Tepi

Photo of this volcano
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  • Country
  • Volcanic Region
  • Primary Volcano Type
  • Last Known Eruption
  • 7.42°N
  • 35.43°E

  • 2728 m
    8948 ft

  • 221292
  • Latitude
  • Longitude

  • Summit
    Elevation

  • Volcano
    Number

The Global Volcanism Program has no activity reports for Tepi.

The Global Volcanism Program has no Weekly Reports available for Tepi.

The Global Volcanism Program has no Bulletin Reports available for Tepi.

The densely forested Tepi basaltic shield volcano, morphologically unmodified in a region of high rainfall, is capped by prominent cinder cones and small craters. Three satellitic centers are located along an E-W line north of the main shield, whose 2728-m-high summit forms Ethiopia's highest Holocene volcano. Lava flows have traveled down pre-existing valleys. Tepi lies at the northern end of the Turkana rift, about 300 km west of the center of the main Ethiopian rift and was constructed along a zone of ENE-trending faults that extends in line with the Gulf of Aden. Tepi has associated active hot springs and was considered by Davidson (1983) to be of probable Holocene age.

The Global Volcanism Program is not aware of any Holocene eruptions from Tepi. If this volcano has had large eruptions (VEI >= 4) prior to 10,000 years ago, information might be found on the Tepi page in the LaMEVE (Large Magnitude Explosive Volcanic Eruptions) database, a part of the Volcano Global Risk Identification and Analysis Project (VOGRIPA).

This compilation of synonyms and subsidiary features may not be comprehensive. Features are organized into four major categories: Cones, Craters, Domes, and Thermal Features. Synonyms of features appear indented below the primary name. In some cases additional feature type, elevation, or location details are provided.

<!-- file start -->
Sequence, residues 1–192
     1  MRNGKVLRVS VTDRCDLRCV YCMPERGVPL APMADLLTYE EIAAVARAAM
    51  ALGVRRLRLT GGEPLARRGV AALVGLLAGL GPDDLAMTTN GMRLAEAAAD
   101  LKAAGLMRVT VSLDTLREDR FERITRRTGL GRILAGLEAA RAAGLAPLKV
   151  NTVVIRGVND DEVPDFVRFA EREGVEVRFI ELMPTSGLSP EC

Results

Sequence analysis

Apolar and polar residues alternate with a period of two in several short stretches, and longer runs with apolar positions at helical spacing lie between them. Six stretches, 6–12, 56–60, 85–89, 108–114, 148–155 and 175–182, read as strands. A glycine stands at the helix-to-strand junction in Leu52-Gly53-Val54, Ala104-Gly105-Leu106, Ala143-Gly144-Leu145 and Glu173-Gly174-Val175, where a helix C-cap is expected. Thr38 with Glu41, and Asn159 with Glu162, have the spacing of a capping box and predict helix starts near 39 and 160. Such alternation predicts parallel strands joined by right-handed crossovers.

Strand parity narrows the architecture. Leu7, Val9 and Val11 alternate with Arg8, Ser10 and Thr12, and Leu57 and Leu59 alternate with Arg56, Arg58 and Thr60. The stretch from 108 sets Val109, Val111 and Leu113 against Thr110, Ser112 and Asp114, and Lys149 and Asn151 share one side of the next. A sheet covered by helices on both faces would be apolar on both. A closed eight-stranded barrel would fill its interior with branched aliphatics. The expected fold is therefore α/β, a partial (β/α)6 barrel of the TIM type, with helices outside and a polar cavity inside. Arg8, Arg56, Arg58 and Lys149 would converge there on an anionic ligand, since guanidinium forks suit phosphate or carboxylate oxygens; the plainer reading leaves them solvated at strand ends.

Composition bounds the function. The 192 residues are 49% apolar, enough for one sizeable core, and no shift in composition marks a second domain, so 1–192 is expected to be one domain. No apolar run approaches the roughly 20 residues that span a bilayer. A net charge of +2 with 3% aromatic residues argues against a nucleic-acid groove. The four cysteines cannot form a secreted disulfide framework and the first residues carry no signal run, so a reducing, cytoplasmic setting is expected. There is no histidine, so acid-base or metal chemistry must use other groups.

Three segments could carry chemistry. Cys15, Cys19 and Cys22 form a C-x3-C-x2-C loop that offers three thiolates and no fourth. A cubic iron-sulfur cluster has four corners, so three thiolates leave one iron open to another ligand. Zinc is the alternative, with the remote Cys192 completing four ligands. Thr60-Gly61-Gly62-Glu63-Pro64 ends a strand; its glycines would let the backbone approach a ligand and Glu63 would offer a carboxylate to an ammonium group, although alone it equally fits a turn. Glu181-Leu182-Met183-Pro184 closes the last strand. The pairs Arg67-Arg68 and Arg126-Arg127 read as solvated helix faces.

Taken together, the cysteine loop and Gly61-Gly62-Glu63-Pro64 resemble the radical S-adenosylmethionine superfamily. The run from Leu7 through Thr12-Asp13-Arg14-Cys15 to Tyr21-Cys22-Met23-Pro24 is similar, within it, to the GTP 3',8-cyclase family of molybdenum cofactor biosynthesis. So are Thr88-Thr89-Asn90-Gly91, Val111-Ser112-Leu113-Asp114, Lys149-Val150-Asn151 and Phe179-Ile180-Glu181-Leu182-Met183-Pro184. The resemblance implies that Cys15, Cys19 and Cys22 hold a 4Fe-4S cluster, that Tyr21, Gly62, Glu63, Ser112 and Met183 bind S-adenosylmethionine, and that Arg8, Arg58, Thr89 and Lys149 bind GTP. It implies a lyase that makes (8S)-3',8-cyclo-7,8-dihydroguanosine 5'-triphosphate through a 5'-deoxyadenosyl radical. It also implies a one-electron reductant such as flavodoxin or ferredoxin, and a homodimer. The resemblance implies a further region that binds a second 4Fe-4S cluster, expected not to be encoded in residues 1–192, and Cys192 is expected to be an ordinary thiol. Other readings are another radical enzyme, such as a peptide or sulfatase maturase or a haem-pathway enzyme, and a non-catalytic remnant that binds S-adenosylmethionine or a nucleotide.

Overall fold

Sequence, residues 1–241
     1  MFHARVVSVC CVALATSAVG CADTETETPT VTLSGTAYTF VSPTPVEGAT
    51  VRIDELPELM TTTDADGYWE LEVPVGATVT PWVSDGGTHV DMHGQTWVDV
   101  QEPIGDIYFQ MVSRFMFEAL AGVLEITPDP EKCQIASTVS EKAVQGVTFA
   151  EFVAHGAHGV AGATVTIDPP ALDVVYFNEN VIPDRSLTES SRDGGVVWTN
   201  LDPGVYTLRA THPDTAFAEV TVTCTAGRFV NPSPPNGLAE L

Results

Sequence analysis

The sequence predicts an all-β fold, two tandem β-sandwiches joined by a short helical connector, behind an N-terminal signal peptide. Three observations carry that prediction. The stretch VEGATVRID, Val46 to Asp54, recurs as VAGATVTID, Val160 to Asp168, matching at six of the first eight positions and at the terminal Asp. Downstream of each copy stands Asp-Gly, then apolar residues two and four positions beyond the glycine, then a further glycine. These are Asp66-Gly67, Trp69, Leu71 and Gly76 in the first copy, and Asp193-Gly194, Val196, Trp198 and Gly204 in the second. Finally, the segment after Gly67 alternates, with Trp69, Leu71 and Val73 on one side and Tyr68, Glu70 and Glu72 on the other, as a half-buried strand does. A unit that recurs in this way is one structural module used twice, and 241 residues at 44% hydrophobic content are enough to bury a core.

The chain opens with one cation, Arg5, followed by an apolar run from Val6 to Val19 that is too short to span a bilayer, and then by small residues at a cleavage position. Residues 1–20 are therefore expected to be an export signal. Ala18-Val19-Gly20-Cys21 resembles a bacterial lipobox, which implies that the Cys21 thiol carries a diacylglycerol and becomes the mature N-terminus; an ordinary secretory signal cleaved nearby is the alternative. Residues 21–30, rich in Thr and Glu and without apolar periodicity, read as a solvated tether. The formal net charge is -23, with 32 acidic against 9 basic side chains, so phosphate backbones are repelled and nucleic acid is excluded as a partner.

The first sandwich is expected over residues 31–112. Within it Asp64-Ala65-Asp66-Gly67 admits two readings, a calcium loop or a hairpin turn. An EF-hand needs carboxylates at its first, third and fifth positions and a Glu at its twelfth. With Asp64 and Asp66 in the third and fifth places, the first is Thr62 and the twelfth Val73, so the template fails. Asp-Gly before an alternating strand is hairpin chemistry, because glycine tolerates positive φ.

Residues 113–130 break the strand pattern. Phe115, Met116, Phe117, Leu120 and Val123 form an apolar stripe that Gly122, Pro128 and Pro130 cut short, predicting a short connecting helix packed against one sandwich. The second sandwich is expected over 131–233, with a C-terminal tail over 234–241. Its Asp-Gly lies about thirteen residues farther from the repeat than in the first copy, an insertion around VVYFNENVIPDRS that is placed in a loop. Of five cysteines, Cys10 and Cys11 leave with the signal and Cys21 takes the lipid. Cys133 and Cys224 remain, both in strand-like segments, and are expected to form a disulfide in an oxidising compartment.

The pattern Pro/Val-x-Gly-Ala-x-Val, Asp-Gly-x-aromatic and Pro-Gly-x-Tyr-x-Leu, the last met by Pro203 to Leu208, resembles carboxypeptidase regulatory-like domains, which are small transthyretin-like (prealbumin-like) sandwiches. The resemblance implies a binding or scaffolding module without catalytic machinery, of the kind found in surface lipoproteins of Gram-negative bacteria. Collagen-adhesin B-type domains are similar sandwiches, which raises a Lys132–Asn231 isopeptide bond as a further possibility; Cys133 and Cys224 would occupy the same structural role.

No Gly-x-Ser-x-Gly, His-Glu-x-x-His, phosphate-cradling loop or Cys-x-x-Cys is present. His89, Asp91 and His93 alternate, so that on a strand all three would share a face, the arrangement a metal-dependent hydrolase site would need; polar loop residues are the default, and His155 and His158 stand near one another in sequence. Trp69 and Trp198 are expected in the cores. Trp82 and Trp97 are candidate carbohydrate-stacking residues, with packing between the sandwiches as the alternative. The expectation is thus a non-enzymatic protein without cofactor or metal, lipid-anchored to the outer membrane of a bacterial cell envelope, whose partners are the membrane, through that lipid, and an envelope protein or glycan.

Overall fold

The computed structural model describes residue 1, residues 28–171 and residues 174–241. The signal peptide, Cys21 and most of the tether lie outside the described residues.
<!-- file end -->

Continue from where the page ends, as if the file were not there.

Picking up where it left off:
Craters
Feature Name Feature Type Elevation Latitude Longitude
Bishan Waka Pit crater
The densely forested Tepi basaltic shield volcano lies about 300 km west of the Ethiopian Rift in southern Ethiopia. A small crater near the center of this NASA Landsat image (with north to the top) is one of many satellite features on this broad volcano, whose 2728-m-high summit forms Ethiopia's highest Holocene volcano. Lava flows have traveled down pre-existing valleys. Active hot springs are found on Tepi, Ethiopia's highest Holocene volcano. The smoke plume at the right is from a vegetation fire.

NASA Landsat7 image (worldwind.arc.nasa.gov)

The following references have all been used during the compilation of data for this volcano, it is not a comprehensive bibliography. Discussion of another volcano or eruption (sometimes far from the one that is the subject of the manuscript) may produce a citation that is not at all apparent from the title.

Davidson A, 1983. The Omo River project - reconnaissance geology and geochemistry of parts of Ilubabor, Kefa, Gemu Gofa, and Sidamo, Ethiopia. Ethiopian Inst Geol Surv Bull, 2: 1-89.

Volcano Types

Shield
Pyroclastic cone(s)

Tectonic Setting

Intraplate
Continental crust (> 25 km)

Rock Types

Major
Basalt / Picro-Basalt

Population

Within 5 km
Within 10 km
Within 30 km
Within 100 km
63,395
63,395
207,121
1,629,787

Affiliated Databases

Large Eruptions of Tepi Information about large Quaternary eruptions (VEI >= 4) is cataloged in the Large Magnitude Explosive Volcanic Eruptions (LaMEVE) database of the Volcano Global Risk Identification and Analysis Project (VOGRIPA).
WOVOdat WOVOdat is a database of volcanic unrest; instrumentally and visually recorded changes in seismicity, ground deformation, gas emission, and other parameters from their normal baselines. It is sponsored by the World Organization of Volcano Observatories (WOVO) and presently hosted at the Earth Observatory of Singapore.
EarthChem EarthChem develops and maintains databases, software, and services that support the preservation, discovery, access and analysis of geochemical data, and facilitate their integration with the broad array of other available earth science parameters. EarthChem is operated by a joint team of disciplinary scientists, data scientists, data managers and information technology developers who are part of the NSF-funded data facility Integrated Earth Data Applications (IEDA). IEDA is a collaborative effort of EarthChem and the Marine Geoscience Data System (MGDS).
Smithsonian Collections Search the Smithsonian's NMNH Department of Mineral Sciences collections database. Go to the "Search Rocks and Ores" tab and use the Volcano Name drop-down to find samples.